Sivut kuvina

A. Never.

Q. By Mr. Cuyler. Do I understand you to say distinctly that to answer the question, where you were born, would involve you in a criminal prosecution?

A. No, sir; but to answer whether I am a citizen or not would involve me in a prosecution.

Q. By Mr. Remak. Have you not been arrested and held to bail before the United States commissioner Heazlitt, on the charge of having retained and hired men for the foreign service?

A. I believe so; that is the charge on which I was arrested and held to bail for a further hearing.

Q. And were you not, on the 28th of March, 1855, a defendant before commissioner Heazlitt; that was, the day you were arrested? A. Yes, sir.

Q. Did you not turn state's evidence on the 28th of March, against Hertz?

A. I believe that was the first day I gave evidence.

Q. Did you not say before the United States commissioner that Hertz had promised you money in case you would keep your mouth shut?

A. I did so at that time.

Q. Did you not receive that money because you were in very destitute circumstances?

A. No, sir, I did not.

Q. Had you any money in your pocket the time you were in prison? A. I had.

Q. How much?

A. I had sufficient.

Q. You stated in your examination in chief that Strobel introduced you to Hertz as an agent of the English government; why did you not say so before the United States commissioner?

A. I said so; I do not know whether I used the exact words, but to the same sense.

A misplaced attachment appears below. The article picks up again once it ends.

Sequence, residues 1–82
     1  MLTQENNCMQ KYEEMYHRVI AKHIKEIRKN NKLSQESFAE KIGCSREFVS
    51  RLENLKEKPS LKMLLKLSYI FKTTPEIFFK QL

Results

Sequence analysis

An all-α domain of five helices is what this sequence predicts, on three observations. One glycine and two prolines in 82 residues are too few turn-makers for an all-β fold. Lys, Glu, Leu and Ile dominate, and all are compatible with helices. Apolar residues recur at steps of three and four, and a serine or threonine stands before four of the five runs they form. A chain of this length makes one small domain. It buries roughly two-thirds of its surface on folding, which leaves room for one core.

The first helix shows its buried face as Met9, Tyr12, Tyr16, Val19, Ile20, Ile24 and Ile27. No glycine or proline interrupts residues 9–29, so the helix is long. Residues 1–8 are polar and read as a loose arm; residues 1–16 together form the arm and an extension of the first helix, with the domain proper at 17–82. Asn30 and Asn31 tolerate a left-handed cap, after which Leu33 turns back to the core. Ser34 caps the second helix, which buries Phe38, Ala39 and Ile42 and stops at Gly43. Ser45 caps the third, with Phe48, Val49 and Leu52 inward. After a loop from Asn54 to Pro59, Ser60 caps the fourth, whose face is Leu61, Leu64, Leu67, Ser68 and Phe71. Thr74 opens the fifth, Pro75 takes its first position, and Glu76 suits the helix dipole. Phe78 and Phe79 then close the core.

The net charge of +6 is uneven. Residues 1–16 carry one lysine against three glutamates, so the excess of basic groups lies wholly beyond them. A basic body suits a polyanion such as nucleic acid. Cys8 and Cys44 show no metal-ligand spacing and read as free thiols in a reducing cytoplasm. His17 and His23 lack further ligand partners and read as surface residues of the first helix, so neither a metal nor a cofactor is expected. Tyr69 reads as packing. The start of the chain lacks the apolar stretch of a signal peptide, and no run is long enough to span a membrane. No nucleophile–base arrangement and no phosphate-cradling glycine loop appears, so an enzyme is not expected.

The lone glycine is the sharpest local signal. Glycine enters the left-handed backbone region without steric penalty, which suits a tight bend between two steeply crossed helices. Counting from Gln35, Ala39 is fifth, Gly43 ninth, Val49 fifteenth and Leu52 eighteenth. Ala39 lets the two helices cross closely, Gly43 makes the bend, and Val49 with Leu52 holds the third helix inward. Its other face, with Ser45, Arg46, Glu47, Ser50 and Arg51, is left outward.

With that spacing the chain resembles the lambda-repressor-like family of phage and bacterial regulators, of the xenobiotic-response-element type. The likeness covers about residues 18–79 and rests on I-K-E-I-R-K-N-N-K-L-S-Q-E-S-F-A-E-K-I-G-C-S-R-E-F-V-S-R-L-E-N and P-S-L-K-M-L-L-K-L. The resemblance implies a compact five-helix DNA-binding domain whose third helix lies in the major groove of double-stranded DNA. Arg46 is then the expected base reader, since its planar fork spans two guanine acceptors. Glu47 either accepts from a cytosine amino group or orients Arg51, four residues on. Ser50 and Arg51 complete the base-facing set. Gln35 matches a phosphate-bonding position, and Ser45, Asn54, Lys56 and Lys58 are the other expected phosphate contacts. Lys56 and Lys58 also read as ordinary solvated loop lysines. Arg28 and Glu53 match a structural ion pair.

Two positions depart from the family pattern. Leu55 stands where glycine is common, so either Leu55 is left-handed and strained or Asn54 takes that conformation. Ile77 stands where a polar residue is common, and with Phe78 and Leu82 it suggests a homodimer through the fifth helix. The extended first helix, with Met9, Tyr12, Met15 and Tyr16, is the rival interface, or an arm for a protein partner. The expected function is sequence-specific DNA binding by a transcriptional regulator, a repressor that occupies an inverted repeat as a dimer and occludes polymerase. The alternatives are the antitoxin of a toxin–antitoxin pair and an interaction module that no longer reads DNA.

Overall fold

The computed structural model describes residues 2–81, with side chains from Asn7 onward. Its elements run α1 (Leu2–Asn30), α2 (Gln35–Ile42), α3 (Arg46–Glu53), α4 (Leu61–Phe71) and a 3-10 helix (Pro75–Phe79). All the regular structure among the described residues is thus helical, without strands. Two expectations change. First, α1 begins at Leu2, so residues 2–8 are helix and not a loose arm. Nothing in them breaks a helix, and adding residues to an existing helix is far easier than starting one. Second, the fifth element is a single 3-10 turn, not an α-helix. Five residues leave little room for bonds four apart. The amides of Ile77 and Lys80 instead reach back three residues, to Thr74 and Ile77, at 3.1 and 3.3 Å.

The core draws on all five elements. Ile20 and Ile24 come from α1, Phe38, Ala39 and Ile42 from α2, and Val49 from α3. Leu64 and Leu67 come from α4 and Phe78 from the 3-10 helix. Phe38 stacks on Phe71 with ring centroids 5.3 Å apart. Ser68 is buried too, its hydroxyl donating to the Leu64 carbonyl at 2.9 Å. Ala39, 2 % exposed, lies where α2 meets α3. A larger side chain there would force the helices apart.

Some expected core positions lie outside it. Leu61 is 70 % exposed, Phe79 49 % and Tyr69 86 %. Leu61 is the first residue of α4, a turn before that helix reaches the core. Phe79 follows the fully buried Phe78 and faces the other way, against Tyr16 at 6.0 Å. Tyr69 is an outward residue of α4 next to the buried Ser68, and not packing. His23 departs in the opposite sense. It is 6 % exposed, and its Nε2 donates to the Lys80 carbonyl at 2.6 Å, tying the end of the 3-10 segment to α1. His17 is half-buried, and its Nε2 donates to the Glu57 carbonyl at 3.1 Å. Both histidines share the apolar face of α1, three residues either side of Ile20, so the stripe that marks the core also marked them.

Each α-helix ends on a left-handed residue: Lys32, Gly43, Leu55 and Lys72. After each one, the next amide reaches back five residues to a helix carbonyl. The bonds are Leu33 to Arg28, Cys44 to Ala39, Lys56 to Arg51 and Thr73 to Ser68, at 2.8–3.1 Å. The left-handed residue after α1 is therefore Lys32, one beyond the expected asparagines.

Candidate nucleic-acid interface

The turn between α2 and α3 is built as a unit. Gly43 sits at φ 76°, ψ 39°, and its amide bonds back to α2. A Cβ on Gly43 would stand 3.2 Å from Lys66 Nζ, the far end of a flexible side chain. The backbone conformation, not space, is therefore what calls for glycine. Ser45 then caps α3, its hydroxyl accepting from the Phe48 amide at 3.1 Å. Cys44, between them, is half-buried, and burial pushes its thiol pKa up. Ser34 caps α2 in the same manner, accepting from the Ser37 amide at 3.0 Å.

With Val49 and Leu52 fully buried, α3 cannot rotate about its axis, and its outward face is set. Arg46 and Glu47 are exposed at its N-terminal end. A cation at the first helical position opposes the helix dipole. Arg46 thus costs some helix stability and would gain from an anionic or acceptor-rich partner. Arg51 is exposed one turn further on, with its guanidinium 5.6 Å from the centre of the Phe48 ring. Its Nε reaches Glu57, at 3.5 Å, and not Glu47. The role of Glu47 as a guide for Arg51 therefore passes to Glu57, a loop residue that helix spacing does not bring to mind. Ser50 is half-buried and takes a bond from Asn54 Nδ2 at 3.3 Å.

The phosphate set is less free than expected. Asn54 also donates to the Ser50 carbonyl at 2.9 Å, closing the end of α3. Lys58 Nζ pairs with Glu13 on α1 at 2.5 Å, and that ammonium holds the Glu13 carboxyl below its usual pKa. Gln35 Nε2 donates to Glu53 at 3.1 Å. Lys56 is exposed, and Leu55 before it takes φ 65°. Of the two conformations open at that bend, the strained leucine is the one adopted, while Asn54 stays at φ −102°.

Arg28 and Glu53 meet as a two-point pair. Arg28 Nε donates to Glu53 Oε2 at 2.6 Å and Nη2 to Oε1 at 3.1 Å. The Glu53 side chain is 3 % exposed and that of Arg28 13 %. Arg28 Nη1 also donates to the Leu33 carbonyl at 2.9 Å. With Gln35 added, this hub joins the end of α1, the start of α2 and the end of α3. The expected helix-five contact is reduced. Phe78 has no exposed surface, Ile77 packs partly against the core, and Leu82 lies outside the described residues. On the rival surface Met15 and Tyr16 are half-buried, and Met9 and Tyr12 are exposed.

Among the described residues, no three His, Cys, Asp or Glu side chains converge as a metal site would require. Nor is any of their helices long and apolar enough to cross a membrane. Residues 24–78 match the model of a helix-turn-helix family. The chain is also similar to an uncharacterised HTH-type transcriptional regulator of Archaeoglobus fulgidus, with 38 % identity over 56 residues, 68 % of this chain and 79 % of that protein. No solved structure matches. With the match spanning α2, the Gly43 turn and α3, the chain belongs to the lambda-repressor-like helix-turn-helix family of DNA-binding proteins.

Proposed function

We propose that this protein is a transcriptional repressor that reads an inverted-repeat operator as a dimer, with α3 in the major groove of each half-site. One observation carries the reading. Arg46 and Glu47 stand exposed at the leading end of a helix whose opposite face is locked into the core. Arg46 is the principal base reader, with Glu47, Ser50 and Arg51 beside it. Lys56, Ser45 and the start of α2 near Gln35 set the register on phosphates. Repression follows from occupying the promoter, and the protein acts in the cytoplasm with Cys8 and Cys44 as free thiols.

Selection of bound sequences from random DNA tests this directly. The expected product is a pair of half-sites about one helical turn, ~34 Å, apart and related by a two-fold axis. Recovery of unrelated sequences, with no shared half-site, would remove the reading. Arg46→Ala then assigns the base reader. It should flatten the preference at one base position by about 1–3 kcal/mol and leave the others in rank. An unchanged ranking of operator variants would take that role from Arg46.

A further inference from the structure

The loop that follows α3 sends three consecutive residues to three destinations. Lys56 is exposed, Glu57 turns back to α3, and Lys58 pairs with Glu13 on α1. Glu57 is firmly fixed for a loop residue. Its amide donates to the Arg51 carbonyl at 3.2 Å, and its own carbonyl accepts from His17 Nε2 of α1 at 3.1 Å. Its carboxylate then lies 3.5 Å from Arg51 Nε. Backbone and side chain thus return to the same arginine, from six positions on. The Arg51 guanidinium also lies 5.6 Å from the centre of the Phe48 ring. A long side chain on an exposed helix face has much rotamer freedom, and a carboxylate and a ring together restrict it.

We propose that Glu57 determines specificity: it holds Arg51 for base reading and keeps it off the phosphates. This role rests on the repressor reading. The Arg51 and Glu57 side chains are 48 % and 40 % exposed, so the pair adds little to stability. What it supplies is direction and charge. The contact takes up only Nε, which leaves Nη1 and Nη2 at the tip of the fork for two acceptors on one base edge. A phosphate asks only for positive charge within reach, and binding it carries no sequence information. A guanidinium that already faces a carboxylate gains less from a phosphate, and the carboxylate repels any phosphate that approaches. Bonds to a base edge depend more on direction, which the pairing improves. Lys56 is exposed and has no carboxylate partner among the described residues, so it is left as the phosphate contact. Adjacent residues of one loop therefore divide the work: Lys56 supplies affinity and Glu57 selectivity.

Q. It is here, in the published report of the proceedings, that you said, "I was introduced to Hertz about the 15th of March, by Mr. Strobel; was introduced to Hertz as the person who would give me all the information about organizing the foreign legion in Nova Scotia." Did you not say that?

A. Yes, sir.

Q. You said to-day that you were introduced to him as the agent of the English government?

A. For that purpose.

Q. Did you or did you not state before the United States commissioner that Hertz was introduced to you as the agent for the English government? You say now that he was introduced to you as the agent of the English government?

A. He was introduced to me as agent appointed in this city by the government for whom the foreign legion was to be raised.

Q. You said that he was introduced to you there as the person who gave the information?

A. In that capacity.

Q. Did you not employ the word agent?

A. I do not recollect it.

Q. Did you not say before the United States commissioner that it was left optional to any person coming into the office whether he would go to Halifax or not, or what he would do there?

A. I said that, of course, it was left optional with the recruits to go to Halifax, but after they got there force was to be used to induce them to enlist.

Q. Did you then state to the United States commissioner that Hertz was the agent to enlist those persons for foreign service?

A. I did not say so.

Q. Did you not state to the United States commissioner that Hertz sent men to Halifax, and it was immaterial to him what they were going to do there?

A. I do recollect that Hertz sent them to Halifax for the purpose of being enlisted in the foreign legion; of course, he had nothing to do with them after they got there.

Q. Do you remember the 31st of March, when Richard Vaux was your counsel, and when Benjamin Rush made that great speech; were not you a defendant at the beginning of that period?

A. I do not know.

Mr. Van Dyke. There is no dispute about it. He was a defendant, and was discharged by the commissioner by my direction.

Mr. Remak. It is for the jury to know; I desire to know whether or not the witness, on the 31st of March, was a defendant, and had made up his mind to turn state's evidence at the time? Mr. Van Dyke. I discharged him for the purpose of using him as a witness.

Mr. Remak. I desire the answer of the witness.

Witness. I think I made up my mind; I think so; I am not positive.

Q. Did not Mr. Hertz say to you that he had no power whatever to give commissions?

A. He said he had not power to issue commissions here.